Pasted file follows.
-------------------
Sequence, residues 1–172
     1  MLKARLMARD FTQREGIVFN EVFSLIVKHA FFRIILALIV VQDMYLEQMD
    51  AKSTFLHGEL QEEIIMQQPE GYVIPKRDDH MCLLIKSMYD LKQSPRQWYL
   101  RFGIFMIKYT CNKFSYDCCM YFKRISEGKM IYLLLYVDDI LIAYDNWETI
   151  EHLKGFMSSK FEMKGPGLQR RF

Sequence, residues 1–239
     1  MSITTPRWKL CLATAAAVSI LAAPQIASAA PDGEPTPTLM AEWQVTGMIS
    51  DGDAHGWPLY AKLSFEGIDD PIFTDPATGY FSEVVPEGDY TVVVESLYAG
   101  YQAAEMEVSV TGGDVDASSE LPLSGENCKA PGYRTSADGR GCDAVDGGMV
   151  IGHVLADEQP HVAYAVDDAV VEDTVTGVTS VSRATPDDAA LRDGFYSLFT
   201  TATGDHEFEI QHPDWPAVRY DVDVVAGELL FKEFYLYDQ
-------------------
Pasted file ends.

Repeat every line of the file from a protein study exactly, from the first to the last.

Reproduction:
Sequence, residues 1–172
     1  MLKARLMARD FTQREGIVFN EVFSLIVKHA FFRIILALIV VQDMYLEQMD
    51  AKSTFLHGEL QEEIIMQQPE GYVIPKRDDH MCLLIKSMYD LKQSPRQWYL
   101  RFGIFMIKYT CNKFSYDCCM YFKRISEGKM IYLLLYVDDI LIAYDNWETI
   151  EHLKGFMSSK FEMKGPGLQR RF

Sequence, residues 1–239
     1  MSITTPRWKL CLATAAAVSI LAAPQIASAA PDGEPTPTLM AEWQVTGMIS
    51  DGDAHGWPLY AKLSFEGIDD PIFTDPATGY FSEVVPEGDY TVVVESLYAG
   101  YQAAEMEVSV TGGDVDASSE LPLSGENCKA PGYRTSADGR GCDAVDGGMV
   151  IGHVLADEQP HVAYAVDDAV VEDTVTGVTS VSRATPDDAA LRDGFYSLFT
   201  TATGDHEFEI QHPDWPAVRY DVDVVAGELL FKEFYLYDQ